Jill strolled down the street breathing in the fragrant autumn air. Her long, blond hair danced in the light breeze and she pulled it aside to stare up. The sky is never as blue as it is in October. She had heard it had something to do with the distance of the earth from the sun during this time of the year. She didn’t care why; she simply soaked up the sight of brilliant red and golden leaves backed by the clear, dark blue sky.
Vampires, ghosts, super heroes, and fairy princesses swept down the street, announcing the end of afternoon classes. Children eager to start the Halloween tradition of begging for treats, raced home to an early dinner. Jill smiled at the billowing capes and fancy dresses that were such a contrast to her trim, dark red and black pantsuit. She wouldn’t be dressing up in costume tonight. She hadn’t had a date in over a year. Still, nothing could dim the joy she felt this perfect day.
A noise in a nearby alleyway caught her attention. “Stop, please stop! Let it go,” a small voice pleaded. Jill hurried the five steps to the corner and looked in as she heard an evil laugh. “Please, please,” begged the small boy dressed as a little leprechaun. Two older boys laughed at him, the shorter of them pulling on the cute leprechaun’s pot of gold. Jill cleared her throat loudly while grabbing the shorter bully by the back of his neck. The larger boy looked up at her. His eyes widened and he fled the alley leaving his friend in Jill’s grip. “I think you should drop the child’s pot right now.” She squeezed her red tipped fingernails into his neck a tad harder and he dropped the pot while struggling to see his assailant. Pushing him away by the scruff of his neck, she stepped toward the young boy. “Are you all right?” The bully stumbled then turned to accost the woman who had pushed him. She glared at him. His eyes doubled in size and he fled.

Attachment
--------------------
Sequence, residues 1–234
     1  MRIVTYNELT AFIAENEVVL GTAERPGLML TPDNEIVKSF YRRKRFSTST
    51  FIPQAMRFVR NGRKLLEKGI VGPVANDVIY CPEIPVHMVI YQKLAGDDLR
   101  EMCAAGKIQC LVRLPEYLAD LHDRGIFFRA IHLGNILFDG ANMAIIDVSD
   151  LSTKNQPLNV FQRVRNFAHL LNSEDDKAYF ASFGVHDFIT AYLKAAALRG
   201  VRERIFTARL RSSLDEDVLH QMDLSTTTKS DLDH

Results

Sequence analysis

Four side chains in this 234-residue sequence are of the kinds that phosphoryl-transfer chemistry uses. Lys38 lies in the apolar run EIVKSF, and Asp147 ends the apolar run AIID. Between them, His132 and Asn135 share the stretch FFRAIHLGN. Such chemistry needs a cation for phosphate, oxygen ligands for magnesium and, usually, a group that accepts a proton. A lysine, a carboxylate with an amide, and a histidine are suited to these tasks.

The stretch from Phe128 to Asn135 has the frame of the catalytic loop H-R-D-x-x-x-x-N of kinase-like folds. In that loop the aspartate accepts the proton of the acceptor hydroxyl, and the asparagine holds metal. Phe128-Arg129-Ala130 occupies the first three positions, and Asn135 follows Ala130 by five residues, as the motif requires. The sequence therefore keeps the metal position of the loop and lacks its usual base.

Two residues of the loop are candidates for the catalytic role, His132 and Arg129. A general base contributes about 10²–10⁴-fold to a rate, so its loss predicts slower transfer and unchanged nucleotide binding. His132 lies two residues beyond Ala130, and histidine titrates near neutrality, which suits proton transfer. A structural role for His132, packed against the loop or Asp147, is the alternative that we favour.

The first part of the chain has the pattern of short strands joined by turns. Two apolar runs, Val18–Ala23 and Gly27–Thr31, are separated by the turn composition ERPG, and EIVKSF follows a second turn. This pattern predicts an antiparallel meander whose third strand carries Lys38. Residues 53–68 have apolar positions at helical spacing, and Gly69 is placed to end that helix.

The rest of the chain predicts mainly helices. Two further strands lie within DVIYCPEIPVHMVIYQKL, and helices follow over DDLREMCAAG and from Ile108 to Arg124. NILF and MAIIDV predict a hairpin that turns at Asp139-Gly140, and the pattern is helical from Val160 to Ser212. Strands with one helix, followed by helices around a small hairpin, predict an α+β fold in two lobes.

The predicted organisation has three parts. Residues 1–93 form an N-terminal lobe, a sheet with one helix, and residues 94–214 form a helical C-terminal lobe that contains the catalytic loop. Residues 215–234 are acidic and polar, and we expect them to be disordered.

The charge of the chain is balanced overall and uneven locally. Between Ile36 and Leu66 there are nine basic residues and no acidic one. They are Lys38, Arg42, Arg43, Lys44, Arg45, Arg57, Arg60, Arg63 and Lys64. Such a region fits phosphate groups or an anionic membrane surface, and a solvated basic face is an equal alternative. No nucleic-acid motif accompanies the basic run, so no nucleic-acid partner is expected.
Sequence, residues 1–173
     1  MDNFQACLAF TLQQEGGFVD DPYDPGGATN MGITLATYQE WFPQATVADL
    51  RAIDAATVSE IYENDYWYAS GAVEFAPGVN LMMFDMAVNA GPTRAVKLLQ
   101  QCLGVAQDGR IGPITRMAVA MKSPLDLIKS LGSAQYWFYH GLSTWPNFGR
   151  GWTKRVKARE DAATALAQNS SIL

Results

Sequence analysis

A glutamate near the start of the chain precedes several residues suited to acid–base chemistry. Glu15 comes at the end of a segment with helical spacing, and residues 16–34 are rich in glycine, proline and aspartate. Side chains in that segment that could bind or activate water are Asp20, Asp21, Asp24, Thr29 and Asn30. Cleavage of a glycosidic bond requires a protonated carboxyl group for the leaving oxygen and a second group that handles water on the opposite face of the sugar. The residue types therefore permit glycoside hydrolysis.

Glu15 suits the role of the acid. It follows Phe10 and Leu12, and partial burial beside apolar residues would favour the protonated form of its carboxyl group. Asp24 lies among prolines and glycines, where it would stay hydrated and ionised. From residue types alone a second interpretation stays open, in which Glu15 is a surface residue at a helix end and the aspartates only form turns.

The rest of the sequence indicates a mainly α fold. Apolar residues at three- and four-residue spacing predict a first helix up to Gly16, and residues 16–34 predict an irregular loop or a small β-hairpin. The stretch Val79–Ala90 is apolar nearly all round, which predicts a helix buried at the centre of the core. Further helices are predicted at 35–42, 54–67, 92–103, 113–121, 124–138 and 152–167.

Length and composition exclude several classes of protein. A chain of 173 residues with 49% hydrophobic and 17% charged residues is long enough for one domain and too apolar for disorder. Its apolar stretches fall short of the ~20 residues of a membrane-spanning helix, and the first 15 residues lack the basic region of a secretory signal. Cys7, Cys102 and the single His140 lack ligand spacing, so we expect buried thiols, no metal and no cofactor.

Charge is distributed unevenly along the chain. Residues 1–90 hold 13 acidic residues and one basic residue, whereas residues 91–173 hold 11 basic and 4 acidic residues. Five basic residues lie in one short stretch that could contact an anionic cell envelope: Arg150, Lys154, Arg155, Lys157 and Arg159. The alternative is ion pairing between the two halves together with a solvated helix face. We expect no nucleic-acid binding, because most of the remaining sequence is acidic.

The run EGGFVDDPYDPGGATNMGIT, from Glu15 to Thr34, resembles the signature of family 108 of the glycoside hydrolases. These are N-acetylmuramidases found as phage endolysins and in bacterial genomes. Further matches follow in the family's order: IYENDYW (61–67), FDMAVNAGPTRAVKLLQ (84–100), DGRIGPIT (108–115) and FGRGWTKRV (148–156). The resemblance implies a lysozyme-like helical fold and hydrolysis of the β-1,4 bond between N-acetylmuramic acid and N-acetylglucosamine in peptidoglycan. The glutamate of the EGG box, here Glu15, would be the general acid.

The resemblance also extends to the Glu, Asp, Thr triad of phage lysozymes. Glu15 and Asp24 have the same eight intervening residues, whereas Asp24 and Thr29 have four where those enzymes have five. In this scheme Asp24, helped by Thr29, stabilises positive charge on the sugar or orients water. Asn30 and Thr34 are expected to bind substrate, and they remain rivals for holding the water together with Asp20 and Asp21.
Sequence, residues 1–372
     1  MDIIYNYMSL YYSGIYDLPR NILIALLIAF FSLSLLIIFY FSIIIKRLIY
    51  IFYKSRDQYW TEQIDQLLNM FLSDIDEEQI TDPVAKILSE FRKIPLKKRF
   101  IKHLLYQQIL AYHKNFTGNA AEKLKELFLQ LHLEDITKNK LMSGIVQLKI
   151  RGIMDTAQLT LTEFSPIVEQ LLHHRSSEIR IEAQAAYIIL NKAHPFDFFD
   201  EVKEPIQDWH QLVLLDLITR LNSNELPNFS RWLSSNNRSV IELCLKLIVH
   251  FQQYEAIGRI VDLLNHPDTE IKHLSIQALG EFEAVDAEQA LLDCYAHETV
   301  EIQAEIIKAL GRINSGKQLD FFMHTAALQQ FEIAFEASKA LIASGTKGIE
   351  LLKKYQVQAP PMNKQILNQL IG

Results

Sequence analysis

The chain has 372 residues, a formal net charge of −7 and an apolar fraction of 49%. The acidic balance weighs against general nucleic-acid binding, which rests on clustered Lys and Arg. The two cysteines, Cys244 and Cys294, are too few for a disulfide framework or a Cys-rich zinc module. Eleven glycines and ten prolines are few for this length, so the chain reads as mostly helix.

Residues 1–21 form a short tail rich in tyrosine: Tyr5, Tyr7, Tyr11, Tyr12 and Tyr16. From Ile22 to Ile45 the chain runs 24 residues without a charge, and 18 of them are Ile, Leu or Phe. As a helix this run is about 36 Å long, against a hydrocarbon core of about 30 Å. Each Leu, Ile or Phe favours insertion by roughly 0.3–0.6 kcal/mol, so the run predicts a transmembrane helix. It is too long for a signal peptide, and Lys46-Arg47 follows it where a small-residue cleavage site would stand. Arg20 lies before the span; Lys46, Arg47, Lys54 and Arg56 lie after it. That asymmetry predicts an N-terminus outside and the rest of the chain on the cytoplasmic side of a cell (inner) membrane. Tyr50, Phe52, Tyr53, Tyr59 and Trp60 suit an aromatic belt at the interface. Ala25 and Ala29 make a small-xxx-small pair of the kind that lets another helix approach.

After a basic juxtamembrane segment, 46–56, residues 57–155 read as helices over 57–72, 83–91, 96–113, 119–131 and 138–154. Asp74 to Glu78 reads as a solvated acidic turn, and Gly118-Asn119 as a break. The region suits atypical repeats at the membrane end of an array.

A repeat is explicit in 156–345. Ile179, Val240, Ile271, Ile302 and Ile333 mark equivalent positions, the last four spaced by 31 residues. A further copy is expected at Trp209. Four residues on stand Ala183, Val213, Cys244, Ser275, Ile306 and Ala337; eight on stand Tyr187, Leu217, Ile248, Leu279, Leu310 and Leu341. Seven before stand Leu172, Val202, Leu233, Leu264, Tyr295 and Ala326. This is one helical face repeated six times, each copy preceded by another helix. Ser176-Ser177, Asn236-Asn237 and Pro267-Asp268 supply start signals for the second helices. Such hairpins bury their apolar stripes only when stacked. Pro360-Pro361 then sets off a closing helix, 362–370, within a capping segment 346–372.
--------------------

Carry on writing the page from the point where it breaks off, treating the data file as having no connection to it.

Jill picked up the filled pot topped with gold foil covered chocolates. “My this is heavy. Do you need help carrying it home?”
“No! My father wants me to learn to carry it myself. I’m a big boy. I am a leprechaun.”
“Yes, you look just like one!”
“I am one! I can grant you a wish for what you did! I can! Tell me what you want”
Jill smiled wryly. “Maybe I should let you do that. Do you think you could find me a man?”
“Sure! I’m a leprechaun. I can get you anything! What kind of guy do you like?”
Jill shrugged. “Hmmm. Tall, dark, and handsome with a voice deep and thick like honey. Eyes as blue as mine are green. Not too fat not too lean. Not too sweet, not too mean. Oh, and no ties so he can give me his all.” She laughed lightly.
“I can do it, I can!”
An hour later, Jill dropped onions into her shopping cart at the local market.
“I’m sorry. I was wondering if you could tell me where they keep the spices? I’m new here and can’t seem to find a thing.” The deep, honey-thick voice behind Jill startled her. She turned to face a pair of captivating blue eyes looking down at her.
“Yes, I can take you there.”
A beautiful smile lightened the already handsome face. “And, do they have Cornish hen here? “
“They do, but I picked up the last two.” Jill watched the man’s face fall a bit. “However, I can share. My name is Jill.”
Pleasant laughter erupted in the man. “I’m Jack. Nice to meet you, Jill. Tell you what. I will cook these for us tonight if you would like. My cooking skills are pretty sharp.”
Resisting this temptation was not easy and Jill’s temptation resisting skills were not well honed. “At your place? Do you have someone you were going to cook for?”
“Sadly, no. I moved here last week. Haven’t met anyone here. “
Jill turned her cart in the direction of the spice aisle. “No job, either? Surely you have friends from work?’
“Nope! Besides, I don’t work. I don’t need to. I am the last heir to a family trust, which will keep me for a lifetime. I do write, though.”
Temptation was blossoming into a full-blown bouquet. “Sure, I’ll let you cook the hens for us, at my house.”
Later, after the costumed children ceased knocking on the door, after the last of the butchered meat was stowed in the freezer, and the last of the lights turned down; Jill relaxed in her favorite chair. Maybe the child was a leprechaun. Tall, handsome, blue eyes, and a gorgeous smile was exactly what she ordered. She smiled. “And he had been not too fat and not too lean,” Jill thought as she picked the last of Jack from between her teeth.